The Nature of Phenology 10/29/22: Witches’ Brooms

Producers: Hazel Stark & Joe Horn
Host: Hazel Stark

Witches’ brooms can form on a large variety of different trees, from lilacs and willows to spruces and firs. They are characterized by an abnormally dense growth of branches that are much shorter and thinner than the branches of the rest of the tree, looking very much like a bundle of twigs attached to a handle.

Photos, a full transcript, references, contact information, and more available at thenatureofphenology.wordpress.com

About the host/writers:
Joe Horn lives in Gouldsboro, is Co-Founder of Maine Outdoor School, L3C, and is a Registered Maine Guide and Carpenter. He is passionate about fishing, cooking, and making things with his hands. He has both an MBA in Sustainability and an MS focused in Environmental Education. Joe can be reached by emailing [email protected]

Hazel Stark lives in Gouldsboro, is Co-Founder and Naturalist Educator at Maine Outdoor School, L3C, and is a Registered Maine Guide. She loves taking a closer look at nature through the lens of her camera, napping in beds of moss, and taking hikes to high points to see what being tall is all about. She has an MS in Resource Management and Conservation and is a lifelong Maine outdoorswoman. Hazel can be reached by emailing [email protected]

The Nature of Phenology 10/22/22: Leaves Changing

Producers: Hazel Stark & Joe Horn
Host: Hazel Stark

In forest ecosystems, leaves falling and accumulating on the ground is an important component in the forests’ nutrient cycle. The best gardening techniques are the ones that mimic nature.

Photos, a full transcript, references, contact information, and more available at thenatureofphenology.wordpress.com

About the host/writers:
Joe Horn lives in Gouldsboro, is Co-Founder of Maine Outdoor School, L3C, and is a Registered Maine Guide and Carpenter. He is passionate about fishing, cooking, and making things with his hands. He has both an MBA in Sustainability and an MS focused in Environmental Education. Joe can be reached by emailing [email protected]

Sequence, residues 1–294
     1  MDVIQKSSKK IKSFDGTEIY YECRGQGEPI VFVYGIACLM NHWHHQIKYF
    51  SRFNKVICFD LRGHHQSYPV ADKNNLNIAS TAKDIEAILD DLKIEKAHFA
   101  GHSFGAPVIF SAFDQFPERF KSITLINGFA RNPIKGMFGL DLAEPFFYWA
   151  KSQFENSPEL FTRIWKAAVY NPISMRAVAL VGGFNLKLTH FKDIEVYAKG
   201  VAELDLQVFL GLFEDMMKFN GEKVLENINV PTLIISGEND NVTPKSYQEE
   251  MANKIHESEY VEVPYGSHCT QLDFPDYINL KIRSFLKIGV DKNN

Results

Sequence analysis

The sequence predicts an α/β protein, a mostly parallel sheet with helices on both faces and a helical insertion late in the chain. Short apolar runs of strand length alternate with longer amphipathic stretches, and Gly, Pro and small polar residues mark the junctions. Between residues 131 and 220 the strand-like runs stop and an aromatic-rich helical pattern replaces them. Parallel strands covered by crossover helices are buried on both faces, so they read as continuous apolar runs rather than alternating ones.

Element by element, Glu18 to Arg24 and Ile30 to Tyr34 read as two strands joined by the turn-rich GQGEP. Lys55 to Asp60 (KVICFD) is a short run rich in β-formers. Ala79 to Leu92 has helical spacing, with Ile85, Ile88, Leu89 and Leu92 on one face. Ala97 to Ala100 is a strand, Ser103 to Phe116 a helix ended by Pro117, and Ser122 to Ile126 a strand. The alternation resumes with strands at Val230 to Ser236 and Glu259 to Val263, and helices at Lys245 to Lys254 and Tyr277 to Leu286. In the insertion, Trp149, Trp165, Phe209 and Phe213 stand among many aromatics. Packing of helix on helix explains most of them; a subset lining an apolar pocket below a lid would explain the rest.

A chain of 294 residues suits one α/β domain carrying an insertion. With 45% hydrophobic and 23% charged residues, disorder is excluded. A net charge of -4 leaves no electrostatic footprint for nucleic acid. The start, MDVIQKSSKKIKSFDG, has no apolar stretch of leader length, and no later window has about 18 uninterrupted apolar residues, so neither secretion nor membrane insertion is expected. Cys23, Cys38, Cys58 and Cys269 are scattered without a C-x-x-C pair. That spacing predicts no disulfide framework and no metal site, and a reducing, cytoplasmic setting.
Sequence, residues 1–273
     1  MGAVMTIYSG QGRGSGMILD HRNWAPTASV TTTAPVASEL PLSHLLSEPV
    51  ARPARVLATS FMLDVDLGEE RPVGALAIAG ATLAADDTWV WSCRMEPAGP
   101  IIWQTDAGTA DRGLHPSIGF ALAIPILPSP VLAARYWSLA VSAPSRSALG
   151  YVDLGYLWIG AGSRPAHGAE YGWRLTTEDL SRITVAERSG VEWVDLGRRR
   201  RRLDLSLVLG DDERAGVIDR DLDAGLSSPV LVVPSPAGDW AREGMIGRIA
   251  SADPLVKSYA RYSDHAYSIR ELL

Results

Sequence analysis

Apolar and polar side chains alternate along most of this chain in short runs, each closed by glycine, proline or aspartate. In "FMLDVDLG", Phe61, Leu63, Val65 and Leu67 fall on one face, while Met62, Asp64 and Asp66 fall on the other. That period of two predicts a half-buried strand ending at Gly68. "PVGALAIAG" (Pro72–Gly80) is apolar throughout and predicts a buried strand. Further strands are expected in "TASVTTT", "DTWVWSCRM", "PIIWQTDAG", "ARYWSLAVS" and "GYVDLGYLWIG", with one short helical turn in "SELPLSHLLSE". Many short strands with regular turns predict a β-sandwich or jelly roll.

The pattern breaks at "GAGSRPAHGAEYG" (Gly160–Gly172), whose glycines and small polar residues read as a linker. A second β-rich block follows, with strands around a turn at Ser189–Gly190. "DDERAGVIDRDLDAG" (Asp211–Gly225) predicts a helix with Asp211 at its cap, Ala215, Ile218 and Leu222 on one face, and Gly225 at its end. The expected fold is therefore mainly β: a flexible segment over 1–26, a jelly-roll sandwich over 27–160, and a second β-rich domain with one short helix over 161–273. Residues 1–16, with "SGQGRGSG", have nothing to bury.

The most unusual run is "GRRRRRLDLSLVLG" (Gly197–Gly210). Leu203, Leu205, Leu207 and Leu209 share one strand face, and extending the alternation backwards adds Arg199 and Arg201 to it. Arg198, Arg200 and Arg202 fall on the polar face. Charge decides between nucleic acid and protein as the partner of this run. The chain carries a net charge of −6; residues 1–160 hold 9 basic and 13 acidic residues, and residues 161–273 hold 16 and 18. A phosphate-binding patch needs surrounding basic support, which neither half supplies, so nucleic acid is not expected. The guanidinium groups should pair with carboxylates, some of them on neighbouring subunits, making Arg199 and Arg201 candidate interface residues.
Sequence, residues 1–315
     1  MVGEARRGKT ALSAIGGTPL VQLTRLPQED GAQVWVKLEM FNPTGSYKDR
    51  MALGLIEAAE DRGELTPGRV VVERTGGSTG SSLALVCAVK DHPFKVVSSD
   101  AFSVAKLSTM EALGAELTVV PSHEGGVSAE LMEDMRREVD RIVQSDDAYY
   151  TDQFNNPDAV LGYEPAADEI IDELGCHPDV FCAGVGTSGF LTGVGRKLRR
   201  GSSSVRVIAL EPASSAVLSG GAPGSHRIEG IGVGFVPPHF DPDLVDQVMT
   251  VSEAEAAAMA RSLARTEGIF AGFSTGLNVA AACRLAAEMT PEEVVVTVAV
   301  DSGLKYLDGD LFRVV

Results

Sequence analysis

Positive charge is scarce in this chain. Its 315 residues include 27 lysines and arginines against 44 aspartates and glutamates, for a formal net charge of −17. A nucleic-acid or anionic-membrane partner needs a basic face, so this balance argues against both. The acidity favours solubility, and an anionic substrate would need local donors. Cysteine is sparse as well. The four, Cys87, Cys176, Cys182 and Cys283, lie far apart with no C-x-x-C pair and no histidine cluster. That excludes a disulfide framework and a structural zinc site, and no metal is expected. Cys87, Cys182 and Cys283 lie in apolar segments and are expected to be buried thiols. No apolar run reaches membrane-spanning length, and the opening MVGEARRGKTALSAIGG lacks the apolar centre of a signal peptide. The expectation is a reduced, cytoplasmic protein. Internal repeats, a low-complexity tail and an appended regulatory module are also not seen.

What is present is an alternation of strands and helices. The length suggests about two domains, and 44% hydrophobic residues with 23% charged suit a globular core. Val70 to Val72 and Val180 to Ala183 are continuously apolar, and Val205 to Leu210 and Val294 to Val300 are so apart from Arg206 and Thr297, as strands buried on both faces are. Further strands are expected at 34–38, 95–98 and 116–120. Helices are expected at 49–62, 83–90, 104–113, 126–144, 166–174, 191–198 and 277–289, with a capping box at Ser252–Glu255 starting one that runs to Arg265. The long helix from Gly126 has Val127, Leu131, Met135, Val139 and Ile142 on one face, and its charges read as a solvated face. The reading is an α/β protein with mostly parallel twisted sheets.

Hazel Stark lives in Gouldsboro, is Co-Founder and Naturalist Educator at Maine Outdoor School, L3C, and is a Registered Maine Guide. She loves taking a closer look at nature through the lens of her camera, napping in beds of moss, and taking hikes to high points to see what being tall is all about. She has an MS in Resource Management and Conservation and is a lifelong Maine outdoorswoman. Hazel can be reached by emailing [email protected]

The Nature of Phenology 10/15/22: Nannyberry

Producers: Hazel Stark & Joe Horn
Host: Hazel Stark

There is an obscure Viburnum that is ripe right about now across our area in moist edges and bottomlands whose flavor and texture is completely unique among our wild foods: nannyberry.

Photos, a full transcript, references, contact information, and more available at thenatureofphenology.wordpress.com

About the host/writers:
Joe Horn lives in Gouldsboro, is Co-Founder of Maine Outdoor School, L3C, and is a Registered Maine Guide and Carpenter. He is passionate about fishing, cooking, and making things with his hands. He has both an MBA in Sustainability and an MS focused in Environmental Education. Joe can be reached by emailing [email protected]

Hazel Stark lives in Gouldsboro, is Co-Founder and Naturalist Educator at Maine Outdoor School, L3C, and is a Registered Maine Guide. She loves taking a closer look at nature through the lens of her camera, napping in beds of moss, and taking hikes to high points to see what being tall is all about. She has an MS in Resource Management and Conservation and is a lifelong Maine outdoorswoman. Hazel can be reached by emailing [email protected]

The Nature of Phenology 10/8/22: Crickets Chirping

Producers: Hazel Stark & Joe Horn
Host: Hazel Stark

Now’s the time to revel in the last of the chirping crickets for the season—unless of course they’re under your bed.

Photos, a full transcript, references, contact information, and more available at thenatureofphenology.wordpress.com

About the host/writers:
Joe Horn lives in Gouldsboro, is Co-Founder of Maine Outdoor School, L3C, and is a Registered Maine Guide and Carpenter. He is passionate about fishing, cooking, and making things with his hands. He has both an MBA in Sustainability and an MS focused in Environmental Education. Joe can be reached by emailing [email protected]

Hazel Stark lives in Gouldsboro, is Co-Founder and Naturalist Educator at Maine Outdoor School, L3C, and is a Registered Maine Guide. She loves taking a closer look at nature through the lens of her camera, napping in beds of moss, and taking hikes to high points to see what being tall is all about. She has an MS in Resource Management and Conservation and is a lifelong Maine outdoorswoman. Hazel can be reached by emailing [email protected]